# Random Walk of N Correlated Assets

I am trying to value an option on N assets, say $S^1, S^2,..., S^N$ that expires in $\Delta T$ years using Monte Carlo simulation. I have read many sources that state I should use the following formula for each asset:

$S_T^i = S_0^i exp( (\mu_i - \sigma_i^2/2)\Delta T + \alpha_i\sigma_i\sqrt{\Delta T})$

Where:

• The $i$'s are used to differentiate the different assets.
• $S_t^i$ denotes the price of asset $S^i$ at time t.
• $(\alpha_1,...,\alpha_N)$ are derived by taking the Cholesky decomposition $LL^*$ of the "correlation matrix" and then applying it to N iid standard normal random variables $(\epsilon_i,...,\epsilon_N)$.

My questions are:

1. Does the "correlation matrix" represent the correlations between the Assets or of the Asset returns?
2. Does the Cholesky method simply accomplish drawing from multivariate normal distribution with mean $(0,...,0)$ and variance-covariance matrix of the answer to my first question?

The correlation matrix refers to the correlations between the asset returns. In fact, it can be seen as follows. Each asset follows a geometric Brownian motion, i.e., $$\frac{{\rm d}S_t^i}{S_t^i}=\mu_i{\rm d}t+\sigma_i{\rm d}W_t^i,$$ where the correlation between $W_t^i$ and $W_t^j$ is supposed to be $$\text{Corr}\left(W_t^i,W_t^j\right)=\rho_{ij}.$$ Therefore, the correlation matrix referes to the correlations between the asset returns.
The Cholesky decomposition helps to transform $N$ independent normal random variables into $N$ correlated normal random variables, with the correlation matrix $\rho_{ij}$ as above. This can be seen as follows. Solve the SDE for each asset, and $$S_t^i=S_0^i\exp\left[\left(\mu_i-\frac{1}{2}\sigma_i^2\right)t+\sigma_iW_t^i\right].$$ As we are only interested in the sampling of $S_T^i$, the above formula yields $$S_T^i=S_0^i\exp\left[\left(\mu_i-\frac{1}{2}\sigma_i^2\right)T+\sigma_iW_T^i\right].$$ Here each $W_T^i\sim\mathcal{N}(0,T)$. By contrast, when all $W_T^i$'s are viewed as a whole, i.e., a vector of $N$ random variables, we have $$\mathbf{W}\sim\mathcal{N}(\mathbf{0},T\Sigma),$$ where the $\left(i,j\right)$-th entry of the square matrix $\Sigma$ reads $$\Sigma_{ij}=\rho_{ij},$$ because the components of $\mathbf{W}$ are correlated. Now, suppose we have another vector of $N$ random variables, denoted by $\mathbb{Z}$, that follows $$\mathbf{Z}\sim\mathcal{N}(\mathbf{0},I_N),$$ meaning that the components of $\mathbf{Z}$ are independent and identically distributed as standard normal. This is what we could generate numerically. Our target is to make use of this $\mathbf{Z}$ to get $\mathbf{W}$. This could be implemented by $$\sqrt{T}L\mathbf{Z},$$ where $L$ satisfies $$\Sigma=LL^{\top}.$$ Since $$\sqrt{T}L\mathbf{Z}\sim\mathcal{N}(\mathbf{0},T\Sigma),$$ it may provide sampling of $\mathbf{W}$.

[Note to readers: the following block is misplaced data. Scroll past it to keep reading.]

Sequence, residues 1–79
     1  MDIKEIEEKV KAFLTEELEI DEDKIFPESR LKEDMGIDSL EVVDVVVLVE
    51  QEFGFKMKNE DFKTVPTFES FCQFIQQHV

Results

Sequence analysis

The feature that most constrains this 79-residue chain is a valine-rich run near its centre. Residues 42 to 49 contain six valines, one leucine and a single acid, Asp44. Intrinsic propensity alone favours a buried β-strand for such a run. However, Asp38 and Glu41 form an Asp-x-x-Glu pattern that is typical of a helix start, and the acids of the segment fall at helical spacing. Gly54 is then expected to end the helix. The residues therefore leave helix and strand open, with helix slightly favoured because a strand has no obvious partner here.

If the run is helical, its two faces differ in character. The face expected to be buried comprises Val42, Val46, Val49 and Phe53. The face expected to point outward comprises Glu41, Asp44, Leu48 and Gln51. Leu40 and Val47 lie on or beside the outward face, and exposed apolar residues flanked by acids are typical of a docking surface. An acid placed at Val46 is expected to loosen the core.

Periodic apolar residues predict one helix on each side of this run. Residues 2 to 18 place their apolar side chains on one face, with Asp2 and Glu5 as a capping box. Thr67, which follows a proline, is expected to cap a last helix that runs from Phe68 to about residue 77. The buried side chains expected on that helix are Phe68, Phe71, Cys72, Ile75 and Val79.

• @quantnoob: Thank you for your comment! That should be a typo there (I seemed to have successfully confused myself while typing...). $\Sigma$ should be the correlation coefficient matrix, i.e., $\Sigma_{ij}=\rho_{ij}$. As $\Sigma$ is the correlation coefficient matrix, $T\Sigma$ is exactly the variance-covariance matrix. Hence $\mathcal{N}(0,T\Sigma)$ is not ambiguous any more. May 13 '18 at 10:15